Twenty people lost their lives to suicide in La Crosse County last year.
More than 200 people gathered at the La Crosse Area Suicide Prevention Summit Wednesday to talk about ways to keep the number of suicides from growing.
The summit started conversations about many different topics related to suicide. Depression, warning signs and responding to risks were just a few of those topics.
But hope and resilience, were the main focus of Wednesday's summit.
"One of the reasons why I got into the field of suicide prevention is because I actually see it as an opportunity of hope," said Jennifer Muehlenkamp, associate professor of psychology at University of Wisconsin-Eau Claire.
It may not be the first thing that comes to mind when talking about suicide, but prevention specialists say it's key to encourage more people to get help.
"I hear more stories of people struggling and overcoming than I do of the tragedies," said Muehlenkamp.
However that doesn't mean suicide rates don't continue to grow.
"Our state has high suicide rates," said Barb Bigalke, founder and executive director at The Center for Suicide Awareness.
She said there's a reason why more and more people are losing their lives to suicide.
"We really don't talk about it, the stigma keeps people from don't ask, don't tell type of thing and the more we can bring it to a more hey let's start this conversation, the more we can start to see the reduction of suicide," said Bigalke.
And today's summit, aimed to start an important conversation.
"We're really starting to spread the message and more and more people are becoming aware of what to do to help prevent suicide, part of it is spreading awareness and not just awareness of signs and symptoms to look for but also awareness of the resources that are available," said Muehlenkamp.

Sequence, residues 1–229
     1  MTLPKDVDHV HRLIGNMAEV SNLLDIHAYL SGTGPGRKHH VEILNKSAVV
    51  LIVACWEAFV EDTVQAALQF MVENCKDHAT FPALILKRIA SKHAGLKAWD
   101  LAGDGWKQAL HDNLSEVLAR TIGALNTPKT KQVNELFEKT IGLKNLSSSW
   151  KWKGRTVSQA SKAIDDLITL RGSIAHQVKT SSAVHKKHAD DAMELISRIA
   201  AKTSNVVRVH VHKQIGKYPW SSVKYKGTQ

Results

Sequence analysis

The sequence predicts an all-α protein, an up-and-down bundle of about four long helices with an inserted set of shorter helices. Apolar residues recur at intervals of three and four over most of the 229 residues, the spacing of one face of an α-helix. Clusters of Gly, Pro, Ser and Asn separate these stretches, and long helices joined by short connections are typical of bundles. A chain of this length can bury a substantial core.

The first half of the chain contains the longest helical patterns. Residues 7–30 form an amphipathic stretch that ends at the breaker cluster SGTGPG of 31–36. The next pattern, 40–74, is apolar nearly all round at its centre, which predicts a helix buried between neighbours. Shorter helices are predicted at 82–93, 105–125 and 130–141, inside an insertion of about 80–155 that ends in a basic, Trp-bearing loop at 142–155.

One way to encourage hope, is through the HOPELINE.
"You can text in at any time of the day, night for any kind of reason it could be simply I need somebody to let this all out, I'm going through a breakup, I'm just struggling and I want somebody to validate me or you know what, I'm looking for resources in my community and where do I go? where do I turn?," said Bigalke.
Five people have lost their life to suicide in La Crosse County just this year alone. In 2014, there were 23 suicides through the first week of October in La Crosse.
If you or anyone you know struggles with depression and mental illness, a support group meets every Monday from 5:30 to 6:30 p.m. at Franciscan Spirituality Center in La Crosse. You may also call the Great Rivers crisis line at 211.